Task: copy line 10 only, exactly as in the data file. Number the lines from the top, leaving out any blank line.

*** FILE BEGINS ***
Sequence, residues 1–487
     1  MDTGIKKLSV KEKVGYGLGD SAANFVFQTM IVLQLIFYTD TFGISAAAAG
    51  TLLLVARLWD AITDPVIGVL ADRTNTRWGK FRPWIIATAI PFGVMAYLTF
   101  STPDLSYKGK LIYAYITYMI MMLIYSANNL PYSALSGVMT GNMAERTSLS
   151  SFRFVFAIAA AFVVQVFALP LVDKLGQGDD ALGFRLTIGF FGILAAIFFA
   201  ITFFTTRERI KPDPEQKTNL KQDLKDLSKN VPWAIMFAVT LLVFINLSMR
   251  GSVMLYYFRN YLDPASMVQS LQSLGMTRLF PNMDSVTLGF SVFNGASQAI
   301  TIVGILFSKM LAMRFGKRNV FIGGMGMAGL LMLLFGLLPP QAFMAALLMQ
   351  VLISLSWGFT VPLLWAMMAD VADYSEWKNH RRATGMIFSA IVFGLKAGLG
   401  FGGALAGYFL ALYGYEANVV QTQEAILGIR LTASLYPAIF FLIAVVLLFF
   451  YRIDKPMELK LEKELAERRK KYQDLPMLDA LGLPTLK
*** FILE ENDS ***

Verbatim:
   401  FGGALAGYFL ALYGYEANVV QTQEAILGIR LTASLYPAIF FLIAVVLLFF